Just curious, are there any?
What do you mean by "matrix congruence"? Congruent in what sense?
Just the ordinary definition of congruent matrices.
Consider, for example, the diagonalization of the Moment of Inertia tensor, to find the principal moments of inertia and the respective principal axis of rotation.
But in that case similarity transformation would be enough, it happens to be a congruence transformation just because inertia tensor is real symmetric. So nothing nontrivial about congruence relation is actually invoked.
Yes, but the fact that this particular tensor (and many other 2nd order ones) is symmetric is a nontrivial fact, a consequence of deeper physical laws. What kind of application would you consider nontrivial?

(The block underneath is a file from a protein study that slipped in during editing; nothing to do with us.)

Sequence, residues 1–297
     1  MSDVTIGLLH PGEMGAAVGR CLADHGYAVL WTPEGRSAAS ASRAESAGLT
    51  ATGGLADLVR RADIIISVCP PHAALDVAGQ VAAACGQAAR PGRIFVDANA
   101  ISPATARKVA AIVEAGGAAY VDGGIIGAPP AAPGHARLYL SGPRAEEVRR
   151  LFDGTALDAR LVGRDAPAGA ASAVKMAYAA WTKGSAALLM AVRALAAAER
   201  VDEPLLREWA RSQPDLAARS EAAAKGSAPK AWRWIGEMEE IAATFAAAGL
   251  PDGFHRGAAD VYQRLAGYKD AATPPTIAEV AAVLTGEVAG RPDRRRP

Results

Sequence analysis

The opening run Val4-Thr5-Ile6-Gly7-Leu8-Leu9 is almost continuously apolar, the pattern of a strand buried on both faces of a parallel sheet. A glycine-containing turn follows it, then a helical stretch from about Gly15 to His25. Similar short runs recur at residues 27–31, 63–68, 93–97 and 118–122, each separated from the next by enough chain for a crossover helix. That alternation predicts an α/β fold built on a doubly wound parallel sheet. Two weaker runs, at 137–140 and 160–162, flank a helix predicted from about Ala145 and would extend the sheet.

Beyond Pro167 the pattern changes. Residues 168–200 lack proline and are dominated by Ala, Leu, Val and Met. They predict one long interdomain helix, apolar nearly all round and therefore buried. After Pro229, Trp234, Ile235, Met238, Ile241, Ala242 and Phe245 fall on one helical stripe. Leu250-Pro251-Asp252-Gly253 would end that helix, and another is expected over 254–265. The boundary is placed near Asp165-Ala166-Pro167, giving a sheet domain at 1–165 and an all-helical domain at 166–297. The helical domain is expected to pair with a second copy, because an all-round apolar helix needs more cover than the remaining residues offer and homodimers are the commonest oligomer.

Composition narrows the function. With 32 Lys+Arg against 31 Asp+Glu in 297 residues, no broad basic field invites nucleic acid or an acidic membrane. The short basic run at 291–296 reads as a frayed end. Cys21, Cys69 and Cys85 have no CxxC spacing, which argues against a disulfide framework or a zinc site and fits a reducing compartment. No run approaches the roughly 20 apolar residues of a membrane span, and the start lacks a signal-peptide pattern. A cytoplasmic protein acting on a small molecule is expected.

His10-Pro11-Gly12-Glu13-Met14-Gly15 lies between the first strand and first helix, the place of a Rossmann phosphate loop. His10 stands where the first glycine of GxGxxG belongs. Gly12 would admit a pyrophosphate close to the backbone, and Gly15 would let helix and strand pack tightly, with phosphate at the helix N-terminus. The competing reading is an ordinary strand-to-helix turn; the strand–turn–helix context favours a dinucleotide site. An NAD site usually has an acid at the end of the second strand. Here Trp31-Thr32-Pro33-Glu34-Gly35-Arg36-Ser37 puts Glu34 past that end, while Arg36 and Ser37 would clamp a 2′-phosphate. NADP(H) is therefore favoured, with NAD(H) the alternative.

In the inertia tensor case we only need to treat it as similarity transformation, it'll work just fine. No special properties of a congruence transformation are used, so I don't think it's a application of congruence transformation.
I disagree: a similarity transformation does not have to preserve the orthogonality of the reference frame axis', while a congruence (which is a particular case) does. The existence of the principal axis of rotation and moments of inertia depends on that preservation property.
As you said, only in a particular case congruence preserve the orthogonality, then why not just view it as a particular case of similarity transformation? It's not fair you compare the special case of congruence with the general case of similarity.
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